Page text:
As in many countries, Americans have a love of cooking outdoors (not inside the house), especially grilling food over a gas or charcoal grill.
Because of this, many U.S. restaurants will advertise their menu items – typically meats such as chicken or steaks – as “grilled” or “barbecued,” which is when the food is cooked directly over a fire or a source of dry heat (see photo of my grilled bratwurst sausages from yesterday).
The food will often be served with grill marks, which are the dark lines made by the grill’s metal surface as the meat cooks.
Some people consider grilling or barbecuing to be an art, or at least something to take pride in (to feel proud of or good about) and to try to perfect (make without faults or flaws).
People can buy barbecue sauces or marinades (liquid to put the meat in for a period of time before cooking) from the store. You will find many different kinds of barbecue sauce in any grocery store.
Many people who grill or barbecue, however, create their own barbecue sauces, which are brushed (placed) onto the meat while it is cooking to give it flavor.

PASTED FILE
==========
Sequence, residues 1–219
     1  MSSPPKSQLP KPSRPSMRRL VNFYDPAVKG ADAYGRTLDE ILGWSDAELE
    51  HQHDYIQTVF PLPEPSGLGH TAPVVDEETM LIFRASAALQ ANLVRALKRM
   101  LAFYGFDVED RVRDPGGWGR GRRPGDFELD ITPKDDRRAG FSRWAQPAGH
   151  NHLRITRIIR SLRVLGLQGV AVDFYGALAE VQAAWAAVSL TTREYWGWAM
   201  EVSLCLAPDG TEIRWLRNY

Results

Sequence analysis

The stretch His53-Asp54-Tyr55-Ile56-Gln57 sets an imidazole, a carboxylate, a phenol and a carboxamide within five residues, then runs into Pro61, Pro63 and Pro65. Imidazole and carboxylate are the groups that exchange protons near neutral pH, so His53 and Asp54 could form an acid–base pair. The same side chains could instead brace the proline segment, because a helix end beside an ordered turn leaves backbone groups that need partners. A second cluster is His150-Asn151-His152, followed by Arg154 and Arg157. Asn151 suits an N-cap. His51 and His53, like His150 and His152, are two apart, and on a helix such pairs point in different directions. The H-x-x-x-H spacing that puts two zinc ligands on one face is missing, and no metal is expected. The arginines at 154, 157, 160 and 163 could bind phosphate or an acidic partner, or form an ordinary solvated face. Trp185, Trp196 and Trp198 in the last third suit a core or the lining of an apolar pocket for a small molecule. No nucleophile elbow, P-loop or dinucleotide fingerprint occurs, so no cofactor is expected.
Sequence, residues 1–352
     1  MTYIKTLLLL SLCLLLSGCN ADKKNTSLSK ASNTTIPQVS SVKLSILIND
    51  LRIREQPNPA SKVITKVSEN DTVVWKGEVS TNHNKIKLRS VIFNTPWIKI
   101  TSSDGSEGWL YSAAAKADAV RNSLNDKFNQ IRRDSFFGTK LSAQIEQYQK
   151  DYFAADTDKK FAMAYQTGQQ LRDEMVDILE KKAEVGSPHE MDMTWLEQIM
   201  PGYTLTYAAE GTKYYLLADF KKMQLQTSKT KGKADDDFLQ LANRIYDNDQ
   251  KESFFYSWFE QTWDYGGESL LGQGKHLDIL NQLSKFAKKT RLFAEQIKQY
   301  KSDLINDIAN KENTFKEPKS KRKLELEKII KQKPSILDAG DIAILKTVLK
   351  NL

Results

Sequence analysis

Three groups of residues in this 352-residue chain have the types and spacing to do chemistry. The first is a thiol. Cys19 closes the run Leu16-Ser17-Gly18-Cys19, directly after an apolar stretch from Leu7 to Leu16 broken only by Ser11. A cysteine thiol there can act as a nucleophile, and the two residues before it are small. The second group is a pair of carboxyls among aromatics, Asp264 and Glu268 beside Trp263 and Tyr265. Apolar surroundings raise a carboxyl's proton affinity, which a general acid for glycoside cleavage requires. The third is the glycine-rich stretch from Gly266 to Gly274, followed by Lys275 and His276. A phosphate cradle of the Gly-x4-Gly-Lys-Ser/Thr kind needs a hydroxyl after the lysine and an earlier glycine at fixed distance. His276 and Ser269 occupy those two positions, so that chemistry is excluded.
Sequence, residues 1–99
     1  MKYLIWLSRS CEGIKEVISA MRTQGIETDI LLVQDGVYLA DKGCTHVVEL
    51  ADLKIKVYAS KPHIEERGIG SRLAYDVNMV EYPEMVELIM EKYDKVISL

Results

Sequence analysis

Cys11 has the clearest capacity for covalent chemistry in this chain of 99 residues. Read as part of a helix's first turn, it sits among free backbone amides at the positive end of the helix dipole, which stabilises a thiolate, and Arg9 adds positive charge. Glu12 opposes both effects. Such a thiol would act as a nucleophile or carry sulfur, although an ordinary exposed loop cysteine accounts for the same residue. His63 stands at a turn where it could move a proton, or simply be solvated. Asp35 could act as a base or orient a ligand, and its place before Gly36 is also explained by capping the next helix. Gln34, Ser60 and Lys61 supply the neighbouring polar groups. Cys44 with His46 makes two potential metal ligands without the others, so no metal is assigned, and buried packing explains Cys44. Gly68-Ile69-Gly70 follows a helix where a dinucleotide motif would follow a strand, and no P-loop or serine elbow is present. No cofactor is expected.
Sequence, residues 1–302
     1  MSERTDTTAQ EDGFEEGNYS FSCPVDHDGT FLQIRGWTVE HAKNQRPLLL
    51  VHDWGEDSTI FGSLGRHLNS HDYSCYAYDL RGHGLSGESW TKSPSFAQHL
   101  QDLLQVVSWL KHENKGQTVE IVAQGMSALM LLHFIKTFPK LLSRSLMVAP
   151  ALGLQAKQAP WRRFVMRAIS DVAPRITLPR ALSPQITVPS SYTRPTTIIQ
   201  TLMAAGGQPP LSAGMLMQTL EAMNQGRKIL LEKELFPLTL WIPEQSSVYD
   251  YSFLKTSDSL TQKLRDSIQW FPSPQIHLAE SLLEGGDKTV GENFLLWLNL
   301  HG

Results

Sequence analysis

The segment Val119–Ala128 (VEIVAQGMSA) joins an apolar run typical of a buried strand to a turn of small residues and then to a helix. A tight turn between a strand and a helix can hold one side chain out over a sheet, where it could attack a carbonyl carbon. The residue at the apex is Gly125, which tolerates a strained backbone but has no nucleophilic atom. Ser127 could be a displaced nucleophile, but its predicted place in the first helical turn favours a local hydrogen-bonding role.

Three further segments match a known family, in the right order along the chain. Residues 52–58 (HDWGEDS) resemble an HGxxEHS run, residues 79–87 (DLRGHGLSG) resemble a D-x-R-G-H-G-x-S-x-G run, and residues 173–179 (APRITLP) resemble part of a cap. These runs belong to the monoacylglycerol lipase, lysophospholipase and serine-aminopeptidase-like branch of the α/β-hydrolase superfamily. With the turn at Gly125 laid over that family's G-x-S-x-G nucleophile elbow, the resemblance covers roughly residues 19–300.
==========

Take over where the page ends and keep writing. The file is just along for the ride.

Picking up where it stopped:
In addition to cooking traditional foods such as hamburgers, bratwursts, and hot dogs on a grill, people put many different kinds of food on skewers to cook.
Skewers are long, thin metal sticks on which you put small pieces of meat, seafood, and vegetables to cook over the grill, without the small pieces falling through the spaces on the grill.
Other people like to add a rotisserie to their grill, which allows them to put an entire chicken or large pieces of meat to cook over the grill, but that can also be turned easily so that all sides get cook evenly.
I prefer keeping things simple: a few sausages or pieces of chicken, grilled without any sauces or marinades. I’m getting hungry just thinking about it!
P.S. For more about grilling, see our Daily English 829 – Having a Barbecue
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